“We haven’t achieved as much as I’d hoped for. I don’t think IGAR is included in enough grant applications. Gender analysis is fundamental for research in Europe and for our society as such.”
Hallén has just given a speech at Norway House, Brussel, and presented IGAR as some kind of sci-fi figure – from the Lord of the Rings or something. All joking aside, however, the Director-General of the Research Council of Norway has come to the strategy seminar for the EU project GENDER-NET in order to emphasise how important this is.
IGAR is the acronym for Integration of Gender Analysis in Research. According to Ineke Klinge, professor and board member of the Horizon 2020 Advisory Group on Gender, the objective is to put an end to the “one size fits all” paradigm.
By taking into consideration that men and women may behave differently, have different needs and attitudes, research may be made more relevant to more people:
- Medical research has shown that men and women may have different symptoms to the same disease and different reactions to the same medicines.
- Safety equipment in cars have traditionally been tested on dummies based on the European or North American male model. Today, dummies based on the female and the pregnant model are also used.
- City planners have designed neighbourhoods consisting of homes, kindergartens, retirement homes, supermarkets, and health services. With all these services within short distance, logistics becomes less complicated and it minimises the need for cars for people who need to combine work and care.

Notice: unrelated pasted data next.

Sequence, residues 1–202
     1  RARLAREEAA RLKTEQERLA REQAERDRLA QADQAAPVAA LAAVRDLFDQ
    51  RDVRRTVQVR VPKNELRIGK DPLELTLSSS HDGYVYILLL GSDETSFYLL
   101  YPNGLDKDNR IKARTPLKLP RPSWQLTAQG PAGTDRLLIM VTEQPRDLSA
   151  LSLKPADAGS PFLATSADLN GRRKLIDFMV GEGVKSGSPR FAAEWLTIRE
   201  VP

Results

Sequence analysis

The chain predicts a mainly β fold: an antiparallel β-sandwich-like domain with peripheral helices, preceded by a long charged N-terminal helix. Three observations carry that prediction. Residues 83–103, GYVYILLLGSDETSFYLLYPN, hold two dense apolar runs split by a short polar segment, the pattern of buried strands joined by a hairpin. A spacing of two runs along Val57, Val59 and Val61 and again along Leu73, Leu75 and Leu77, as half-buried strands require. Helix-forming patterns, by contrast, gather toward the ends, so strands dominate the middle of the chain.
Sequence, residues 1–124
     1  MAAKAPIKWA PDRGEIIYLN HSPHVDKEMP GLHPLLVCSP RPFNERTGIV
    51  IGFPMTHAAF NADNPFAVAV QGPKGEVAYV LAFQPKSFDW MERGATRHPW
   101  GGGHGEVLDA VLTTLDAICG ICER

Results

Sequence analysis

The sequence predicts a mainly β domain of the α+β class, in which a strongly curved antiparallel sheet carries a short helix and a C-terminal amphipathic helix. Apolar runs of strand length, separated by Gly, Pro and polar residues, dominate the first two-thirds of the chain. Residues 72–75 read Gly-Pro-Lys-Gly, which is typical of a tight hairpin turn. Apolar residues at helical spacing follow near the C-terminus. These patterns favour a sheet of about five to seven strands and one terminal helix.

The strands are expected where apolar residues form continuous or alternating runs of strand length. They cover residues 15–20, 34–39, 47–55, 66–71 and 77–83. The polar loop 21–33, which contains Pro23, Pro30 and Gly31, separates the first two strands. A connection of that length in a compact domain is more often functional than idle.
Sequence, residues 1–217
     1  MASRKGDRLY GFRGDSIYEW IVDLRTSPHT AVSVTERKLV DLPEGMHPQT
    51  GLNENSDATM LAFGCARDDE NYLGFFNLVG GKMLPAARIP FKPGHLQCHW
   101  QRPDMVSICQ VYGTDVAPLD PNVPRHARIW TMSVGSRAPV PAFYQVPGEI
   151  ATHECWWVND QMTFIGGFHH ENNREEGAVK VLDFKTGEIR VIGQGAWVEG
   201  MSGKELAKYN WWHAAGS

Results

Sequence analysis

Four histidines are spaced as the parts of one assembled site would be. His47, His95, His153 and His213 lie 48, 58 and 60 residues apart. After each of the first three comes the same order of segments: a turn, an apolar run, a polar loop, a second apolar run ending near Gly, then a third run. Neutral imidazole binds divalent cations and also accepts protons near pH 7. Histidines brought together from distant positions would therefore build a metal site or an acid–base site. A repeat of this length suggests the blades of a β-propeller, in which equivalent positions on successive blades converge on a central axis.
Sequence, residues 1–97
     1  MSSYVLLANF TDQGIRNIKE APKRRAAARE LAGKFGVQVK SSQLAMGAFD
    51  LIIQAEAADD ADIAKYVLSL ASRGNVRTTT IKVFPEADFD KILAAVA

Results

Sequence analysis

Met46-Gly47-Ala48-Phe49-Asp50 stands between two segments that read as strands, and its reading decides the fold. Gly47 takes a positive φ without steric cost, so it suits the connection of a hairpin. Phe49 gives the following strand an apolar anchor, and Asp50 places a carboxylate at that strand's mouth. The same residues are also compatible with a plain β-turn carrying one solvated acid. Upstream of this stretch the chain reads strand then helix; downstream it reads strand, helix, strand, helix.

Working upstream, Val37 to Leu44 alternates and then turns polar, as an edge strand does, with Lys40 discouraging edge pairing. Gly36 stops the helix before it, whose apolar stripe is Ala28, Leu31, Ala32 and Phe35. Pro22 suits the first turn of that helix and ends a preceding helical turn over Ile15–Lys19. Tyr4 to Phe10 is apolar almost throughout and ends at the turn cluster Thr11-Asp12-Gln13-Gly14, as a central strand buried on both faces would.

“We need to ensure better awareness”
Since 2013, twelve countries have cooperated in order to map out to what degree their research include gender perspectives. The strategy seminar in Brussels served as a situation report for the project. Hallén concludes on Norway’s behalf, and the conclusion is that we still have a long way to go.
“I’ve seen how often gender perspectives are relevant in research and how surprisingly often they are ignored. We’ve made progress, but not significant progress,” says Hallén.
In a later email he elaborates on his remark:
“We already have gender perspectives as an obligatory checkpoint in the Research Council’s program descriptions. This has been followed up by a systematic mapping of how gender perspectives are made visible in our various research programs. There are many positive stories, but we’ve not achieved enough. Therefore, we have to increase knowledge and ensure stronger awareness on the field.
According to Hallén, the management at the Research Council gets reports on the integration of gender perspectives in research every six months, and gender perspectives are included in an increasing amount of projects.
“I’ve seen how often gender perspectives are relevant in research and how surprisingly often they are ignored.” Arvid Hallén.
Mandatory gender perspective
One of the GENDER-NET project’s objectives has been to identify and spread good practices.